I love avocado pears and guacamole, but a Californian housewife is hoping her disappointment over a dip will lead to taking a big check to the bank.
Apparantly she bought Kraft's Avocado dip, whisked it up, decided it didn't taste 'avocady' enough and filed suit.
Putting on my lawyer hat for a moment, I find it hard to believe she found an attorney to take the case. One requirement for filing suit is the nexus between plaintiff and sustained damages and/or loss. Other than the price of a packet of dip, I'm finding it tough to come up with any sort of damage that would merit a lawyer getting involved--unlike, for example, finding a bit of mouse in a bowl of chile.
Well documented here is that I'm no cheerleader for conglomerations such as Kraft, but I tend to agree with them when they state that a reading of the packet would have shown her excatly what was in it, that there was no avocado contained in the ingredients.
Moreover,in my estimation, a quick pour of the powdery stuff into a bowl would have been another clue.
Mind you it has scared Kraft because they've whipped (pardon the pun)all Avacoda dip packets of the American supermarket shelves. I think it's to return in the near future as Avocado-like dip or some equally tortured wording. (Maybe they should follow the pharaceutical industries current fad in marketing and abbreviate its name like they do freshly invented illnesses that can only be treated by their new minted drugs.)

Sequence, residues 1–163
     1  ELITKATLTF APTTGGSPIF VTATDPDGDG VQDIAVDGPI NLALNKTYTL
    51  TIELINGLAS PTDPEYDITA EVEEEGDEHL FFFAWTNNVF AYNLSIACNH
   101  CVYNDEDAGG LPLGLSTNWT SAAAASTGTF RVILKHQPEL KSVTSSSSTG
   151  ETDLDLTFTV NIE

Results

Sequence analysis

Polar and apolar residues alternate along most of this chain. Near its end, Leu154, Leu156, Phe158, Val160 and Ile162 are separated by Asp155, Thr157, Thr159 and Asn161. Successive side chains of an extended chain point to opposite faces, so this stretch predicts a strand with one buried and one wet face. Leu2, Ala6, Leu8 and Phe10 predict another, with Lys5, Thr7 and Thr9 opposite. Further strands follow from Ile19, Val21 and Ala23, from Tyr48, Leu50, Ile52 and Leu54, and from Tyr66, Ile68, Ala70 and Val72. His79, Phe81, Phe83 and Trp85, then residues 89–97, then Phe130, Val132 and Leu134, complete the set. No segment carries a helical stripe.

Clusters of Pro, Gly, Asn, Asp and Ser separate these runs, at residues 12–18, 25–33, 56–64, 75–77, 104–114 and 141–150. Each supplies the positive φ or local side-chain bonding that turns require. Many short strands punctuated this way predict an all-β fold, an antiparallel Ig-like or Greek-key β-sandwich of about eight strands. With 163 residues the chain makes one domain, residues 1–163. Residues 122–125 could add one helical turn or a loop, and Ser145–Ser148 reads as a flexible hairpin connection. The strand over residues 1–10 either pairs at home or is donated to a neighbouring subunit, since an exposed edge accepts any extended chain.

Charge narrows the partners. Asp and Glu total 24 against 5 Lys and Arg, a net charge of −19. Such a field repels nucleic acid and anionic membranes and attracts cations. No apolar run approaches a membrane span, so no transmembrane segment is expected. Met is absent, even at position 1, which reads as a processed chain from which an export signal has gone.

I'm sure this woman's been scouring for years for an excuse and product to sue a corporation with deep pockets. Wonder when exactly it'll make it into a subplot in Desperate Housewives or even make it to TV movie of the week.
No wonder people have such low opinions about my profession in the states.
[technorati: avocado, Kraft, California, guacamole, desperate housewives